Here you can find answers to some commonly asked questions about SCoPEd; what it is, our aims for SCoPEd and the likely next steps.

1. What is the SCoPEd framework?

The SCoPEd (Scope of Practice and Education) framework is a ground-breaking shared framework that maps existing core competences and practice standards for counsellors and psychotherapists working with adults.

It’s been collaboratively developed and adopted by six PSA accredited bodies across counselling and psychotherapy, including BACP.

Minimum training standards and required skills, knowledge and experience of counsellors and psychotherapists have been mapped across five themes:

  • professional framework
  • assessment
  • therapeutic relationship
  • knowledge and skills
  • self-awareness and reflection

SCoPEd is not a stand-alone framework developed in isolation – for BACP it’s an integrated part of our work to promote the best interests of all members.

2. What is BACP's aim for SCoPEd?

We believe the SCoPEd framework will showcase the value of all our members as highly skilled professionals, enabling a credible, diverse and thriving counselling and psychotherapy profession and increasing employment opportunities.

It will provide greater clarity about the wide range of skills, knowledge, training and experience that our members have, and will help counselling and psychotherapy be better understood, valued and trusted by clients, employers, commissioners and society.

3. When was the latest SCoPEd framework published?

The latest version of the framework was published by the SCoPEd partners on 2 February 2022. You can find the SCoPEd framework January 2022 on our web page. 

4. Will the SCoPEd framework restrict the therapeutic services that I offer?

No. SCoPEd is intended to be an enabling framework not a restrictive one. You’ll still be able to provide all the services you currently do, and practise competences in other SCoPEd framework columns providing you have the right skills, knowledge, training and experience to do so.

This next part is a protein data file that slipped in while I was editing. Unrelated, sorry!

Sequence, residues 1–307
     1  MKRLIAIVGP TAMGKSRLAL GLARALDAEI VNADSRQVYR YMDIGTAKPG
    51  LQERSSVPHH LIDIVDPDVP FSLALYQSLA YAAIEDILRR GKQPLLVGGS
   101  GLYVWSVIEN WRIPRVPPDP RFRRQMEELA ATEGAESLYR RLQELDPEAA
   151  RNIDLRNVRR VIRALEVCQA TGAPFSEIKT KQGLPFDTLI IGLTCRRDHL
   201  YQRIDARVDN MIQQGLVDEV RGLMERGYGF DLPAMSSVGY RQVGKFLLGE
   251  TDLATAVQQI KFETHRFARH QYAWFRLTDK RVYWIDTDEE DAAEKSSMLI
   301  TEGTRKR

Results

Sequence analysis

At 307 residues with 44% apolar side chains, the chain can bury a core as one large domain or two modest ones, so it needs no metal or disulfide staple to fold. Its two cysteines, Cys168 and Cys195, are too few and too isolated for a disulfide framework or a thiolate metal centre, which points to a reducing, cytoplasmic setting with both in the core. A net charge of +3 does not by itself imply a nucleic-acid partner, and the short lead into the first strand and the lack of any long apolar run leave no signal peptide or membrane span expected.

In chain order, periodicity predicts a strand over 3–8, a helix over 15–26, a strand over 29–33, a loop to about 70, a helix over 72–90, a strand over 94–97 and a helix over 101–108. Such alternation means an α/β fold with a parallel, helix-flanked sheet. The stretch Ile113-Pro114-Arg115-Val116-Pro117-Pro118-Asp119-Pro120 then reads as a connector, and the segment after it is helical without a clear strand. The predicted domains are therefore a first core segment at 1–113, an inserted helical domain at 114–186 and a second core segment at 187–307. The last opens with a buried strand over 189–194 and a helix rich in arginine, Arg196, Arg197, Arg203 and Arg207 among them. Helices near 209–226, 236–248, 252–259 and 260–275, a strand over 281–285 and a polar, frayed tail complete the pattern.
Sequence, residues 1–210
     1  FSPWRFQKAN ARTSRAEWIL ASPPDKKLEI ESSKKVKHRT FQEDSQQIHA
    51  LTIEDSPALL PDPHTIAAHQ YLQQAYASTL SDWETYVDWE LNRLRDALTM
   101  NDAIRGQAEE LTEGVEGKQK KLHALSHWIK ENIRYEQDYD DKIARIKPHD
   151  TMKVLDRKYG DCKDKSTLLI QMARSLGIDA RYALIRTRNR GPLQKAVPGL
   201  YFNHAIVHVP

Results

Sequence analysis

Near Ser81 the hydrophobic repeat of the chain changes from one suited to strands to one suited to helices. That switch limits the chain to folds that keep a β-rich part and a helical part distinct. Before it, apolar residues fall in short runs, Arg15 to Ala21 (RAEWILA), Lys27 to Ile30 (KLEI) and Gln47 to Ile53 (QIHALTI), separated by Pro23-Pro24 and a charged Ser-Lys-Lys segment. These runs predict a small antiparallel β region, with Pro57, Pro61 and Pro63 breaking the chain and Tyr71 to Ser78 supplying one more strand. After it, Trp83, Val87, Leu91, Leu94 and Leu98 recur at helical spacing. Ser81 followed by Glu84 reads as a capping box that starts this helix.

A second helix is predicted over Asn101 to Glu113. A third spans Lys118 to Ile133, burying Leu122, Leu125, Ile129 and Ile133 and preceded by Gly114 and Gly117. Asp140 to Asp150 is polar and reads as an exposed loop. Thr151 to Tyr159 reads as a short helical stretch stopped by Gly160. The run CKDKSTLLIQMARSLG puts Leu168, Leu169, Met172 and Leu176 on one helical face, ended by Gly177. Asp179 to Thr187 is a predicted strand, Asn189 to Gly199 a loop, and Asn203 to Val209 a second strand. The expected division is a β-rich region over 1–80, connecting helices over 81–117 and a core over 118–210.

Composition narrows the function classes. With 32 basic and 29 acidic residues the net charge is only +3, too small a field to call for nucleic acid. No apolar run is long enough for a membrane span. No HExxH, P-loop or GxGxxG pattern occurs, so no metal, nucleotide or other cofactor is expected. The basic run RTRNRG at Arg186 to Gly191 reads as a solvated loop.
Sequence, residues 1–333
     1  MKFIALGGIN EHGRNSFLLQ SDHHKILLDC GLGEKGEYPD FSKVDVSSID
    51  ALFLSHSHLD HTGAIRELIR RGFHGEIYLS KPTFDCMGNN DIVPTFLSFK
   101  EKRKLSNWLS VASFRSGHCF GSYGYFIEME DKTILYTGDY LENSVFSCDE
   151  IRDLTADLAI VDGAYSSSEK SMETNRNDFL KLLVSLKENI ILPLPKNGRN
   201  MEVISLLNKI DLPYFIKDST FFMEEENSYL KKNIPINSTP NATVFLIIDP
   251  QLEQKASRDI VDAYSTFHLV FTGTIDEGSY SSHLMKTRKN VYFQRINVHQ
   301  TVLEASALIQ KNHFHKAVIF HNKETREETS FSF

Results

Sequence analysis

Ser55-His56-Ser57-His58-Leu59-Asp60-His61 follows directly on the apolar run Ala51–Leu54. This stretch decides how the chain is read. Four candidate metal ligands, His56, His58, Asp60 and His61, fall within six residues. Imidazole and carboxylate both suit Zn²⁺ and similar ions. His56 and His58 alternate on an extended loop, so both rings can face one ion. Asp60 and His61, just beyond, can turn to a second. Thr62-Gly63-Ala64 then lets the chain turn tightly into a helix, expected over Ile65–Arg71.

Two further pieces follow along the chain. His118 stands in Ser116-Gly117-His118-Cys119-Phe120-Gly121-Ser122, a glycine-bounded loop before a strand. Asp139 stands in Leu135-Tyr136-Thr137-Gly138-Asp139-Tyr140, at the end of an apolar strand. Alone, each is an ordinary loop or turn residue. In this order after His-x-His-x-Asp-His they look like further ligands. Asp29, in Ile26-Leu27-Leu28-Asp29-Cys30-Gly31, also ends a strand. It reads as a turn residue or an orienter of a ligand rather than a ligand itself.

For example, if you are a therapist in column A, you may have one or more of the competences listed in columns B or C and you’ll be able to continue to deliver therapy based on those competences. Alternatively, you may have additional specialisms which sit outside the framework. The key thing is working within your competence which is a requirement of the Ethical Framework.

5. Will I be able to move between the different columns of the SCoPEd framework? 

Yes. our membership categories are aligned to the SCoPEd framework columns. You can apply to move membership category if you have the right skills, knowledge, training and experience to do so. You’ll will need to meet all eligibility criteria and submit evidence of your reflective practice.

Visit where will I be represented in the SCoPEd framework for details about which column your membership category aligns to and how you can apply to move membership category.

6. Is my existing training, knowledge and experience still valid with the SCoPEd framework?

Yes. All your existing training, knowledge and experience is valid and you’ll still be able to provide all the services you currently do and practise competences in other SCoPEd columns providing you have the right skills, knowledge, training, and experience to do so.

Eligible members who want to apply to move membership category can do so using our transition accreditation mechanisms. In early 2026 we expect more new accreditation routes to be available for members to move membership category. These routes will consider training and CPD alongside other existing skills and experience. More details will be published during 2025.

7. Is the SCoPEd framework a mechanism for bringing in statutory regulation?  

No. The SCoPEd framework isn’t  connected to the issue of statutory regulation. Decisions about statutory regulation are made by the Government, not by professional bodies.

However, if the Government decides to go down that route, we are keen that our profession is prepared and best positioned to inform and influence the way statutory regulation is implemented. The SCoPEd framework, with its emphasis on the distinct characteristics and qualities of counselling and psychotherapy, as distinct from the biomedical approaches, will go some way towards making the argument that this profession needs a bespoke approach by those with strong understanding of the profession rather than a generic health regulator.

8. Is the SCoPEd framework seeking to align counselling and psychotherapy with NICE guidelines and IAPT?

Quite the opposite. SCoPEd maps the current training and practice requirements for counsellors and psychotherapists working with adults which represents the rigour, competences and standards of the profession beyond the NHS context. 

We see the framework as a powerful way of promoting counselling and psychotherapy as an alternative, evidence-based approach which challenges the existing narrow IAPT focus by presenting the skills and competences of all our registrants in a way that is accessible and authoritative. The intention is to inform and influence policymakers and to promote patient choice with far greater access for all to a wider range of modalities.